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ERIC Number: ED409311
Record Type: Non-Journal
Publication Date: 1996-Aug
Pages: 37
Abstractor: N/A
Reference Count: N/A
Learning Bad and Good Things from Instruction: A European Perspective.
De Corte, Erik; And Others
This paper reports on five related studies on upper elementary school students' beliefs about the role of real-world knowledge in solving mathematical word problems, and on possibilities of overcoming their unrealistic mathematical modeling. Findings from the first study of 75 Belgian fifth-grade students showed that as a consequence of current classroom practice in teaching arithmetic word problem solving, pupils have built up a tendency to solve word problems in a stereotyped way, i.e., they applied one of the basic arithmetic operations (or a combination) with the two given numbers in the problem, without any consideration of the possible problematic modeling assumptions underlying their proposed solution. The results of the second and third studies (64 Belgian and 91 Japanese fifth-grade students) confirmed this tendency, and indicated that it is culturally independent. The fourth study involving 332 Flemish preservice teachers revealed a similar tendency as reflected by these future teachers' preferred spontaneous solutions to word problems and their evaluations of different types of pupil answers. In the fifth study, 53 Belgian sixth-grade students were immersed in a new classroom culture in which word problems were treated as exercises in realistic mathematical modeling. The findings from the fifth study supported the hypothesis that, with specific instructional techniques and sets of challenging problem situations, it is possible to change pupils conceptions about and their disposition toward the activation of real-world knowledge in mathematical modeling of word problems. (Contains 27 references.) (ND)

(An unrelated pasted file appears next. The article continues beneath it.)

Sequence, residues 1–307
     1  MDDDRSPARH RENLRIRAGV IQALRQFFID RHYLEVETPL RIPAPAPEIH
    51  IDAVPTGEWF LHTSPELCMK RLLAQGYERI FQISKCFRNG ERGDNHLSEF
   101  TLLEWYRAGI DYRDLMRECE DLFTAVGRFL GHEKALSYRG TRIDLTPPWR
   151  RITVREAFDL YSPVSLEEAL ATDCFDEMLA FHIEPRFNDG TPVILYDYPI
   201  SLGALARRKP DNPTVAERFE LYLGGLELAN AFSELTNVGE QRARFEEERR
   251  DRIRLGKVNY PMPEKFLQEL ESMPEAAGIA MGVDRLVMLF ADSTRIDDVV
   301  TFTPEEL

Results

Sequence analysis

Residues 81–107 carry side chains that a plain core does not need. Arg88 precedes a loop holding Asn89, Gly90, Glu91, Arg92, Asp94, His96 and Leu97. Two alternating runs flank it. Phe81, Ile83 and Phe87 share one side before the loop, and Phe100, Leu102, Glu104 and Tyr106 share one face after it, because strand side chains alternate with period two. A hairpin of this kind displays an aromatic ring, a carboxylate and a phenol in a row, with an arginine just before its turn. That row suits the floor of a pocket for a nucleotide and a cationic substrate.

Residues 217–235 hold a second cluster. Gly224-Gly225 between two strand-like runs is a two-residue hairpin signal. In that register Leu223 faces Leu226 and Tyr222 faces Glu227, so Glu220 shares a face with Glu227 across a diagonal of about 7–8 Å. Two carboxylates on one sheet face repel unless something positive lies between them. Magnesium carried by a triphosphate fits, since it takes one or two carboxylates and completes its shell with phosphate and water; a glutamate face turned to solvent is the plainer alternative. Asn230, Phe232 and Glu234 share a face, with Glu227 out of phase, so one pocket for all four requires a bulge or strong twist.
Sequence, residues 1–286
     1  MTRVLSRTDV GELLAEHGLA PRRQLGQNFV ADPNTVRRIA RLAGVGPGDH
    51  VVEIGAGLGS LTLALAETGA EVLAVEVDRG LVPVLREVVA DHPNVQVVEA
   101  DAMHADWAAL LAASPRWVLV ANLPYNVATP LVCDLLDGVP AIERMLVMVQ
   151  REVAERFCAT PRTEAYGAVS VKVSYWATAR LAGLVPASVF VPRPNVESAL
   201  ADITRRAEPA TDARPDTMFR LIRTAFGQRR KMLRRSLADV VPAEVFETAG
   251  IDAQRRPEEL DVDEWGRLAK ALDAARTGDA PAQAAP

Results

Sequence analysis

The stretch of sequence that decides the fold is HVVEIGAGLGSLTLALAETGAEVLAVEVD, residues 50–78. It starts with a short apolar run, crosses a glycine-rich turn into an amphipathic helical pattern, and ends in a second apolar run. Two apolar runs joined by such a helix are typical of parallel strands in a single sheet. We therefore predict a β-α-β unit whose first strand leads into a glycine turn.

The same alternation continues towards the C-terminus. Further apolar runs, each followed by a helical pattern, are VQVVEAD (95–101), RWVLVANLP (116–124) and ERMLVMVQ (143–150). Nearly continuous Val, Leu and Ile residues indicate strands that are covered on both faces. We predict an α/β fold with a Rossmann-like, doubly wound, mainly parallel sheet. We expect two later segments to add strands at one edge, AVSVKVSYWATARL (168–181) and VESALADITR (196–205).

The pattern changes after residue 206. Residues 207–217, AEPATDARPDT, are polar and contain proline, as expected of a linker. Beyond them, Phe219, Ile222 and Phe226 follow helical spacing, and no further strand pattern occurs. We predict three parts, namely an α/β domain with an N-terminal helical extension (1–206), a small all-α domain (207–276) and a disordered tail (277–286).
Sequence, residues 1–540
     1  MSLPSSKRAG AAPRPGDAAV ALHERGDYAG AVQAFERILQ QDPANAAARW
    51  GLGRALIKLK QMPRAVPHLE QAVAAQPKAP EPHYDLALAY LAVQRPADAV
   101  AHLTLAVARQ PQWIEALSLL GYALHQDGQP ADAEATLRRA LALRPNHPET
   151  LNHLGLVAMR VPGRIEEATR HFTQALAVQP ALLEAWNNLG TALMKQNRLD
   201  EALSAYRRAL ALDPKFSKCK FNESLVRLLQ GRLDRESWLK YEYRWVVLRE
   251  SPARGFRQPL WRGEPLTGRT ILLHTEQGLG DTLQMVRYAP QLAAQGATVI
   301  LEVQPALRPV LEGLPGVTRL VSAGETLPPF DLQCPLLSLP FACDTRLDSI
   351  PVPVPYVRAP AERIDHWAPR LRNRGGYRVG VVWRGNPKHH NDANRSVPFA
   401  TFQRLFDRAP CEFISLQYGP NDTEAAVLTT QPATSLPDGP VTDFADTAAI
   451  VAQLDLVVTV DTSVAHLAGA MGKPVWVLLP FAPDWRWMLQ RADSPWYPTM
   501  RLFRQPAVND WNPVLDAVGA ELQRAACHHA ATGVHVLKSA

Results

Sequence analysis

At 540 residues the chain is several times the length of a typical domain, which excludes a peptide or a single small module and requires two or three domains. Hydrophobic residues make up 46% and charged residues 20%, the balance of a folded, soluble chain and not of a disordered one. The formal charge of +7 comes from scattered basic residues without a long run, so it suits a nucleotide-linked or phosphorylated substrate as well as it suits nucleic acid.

Publication Type: Reports - Research; Speeches/Meeting Papers
Education Level: N/A
Audience: N/A
Language: English
Sponsor: N/A
Authoring Institution: N/A
Identifiers - Location: Belgium; Japan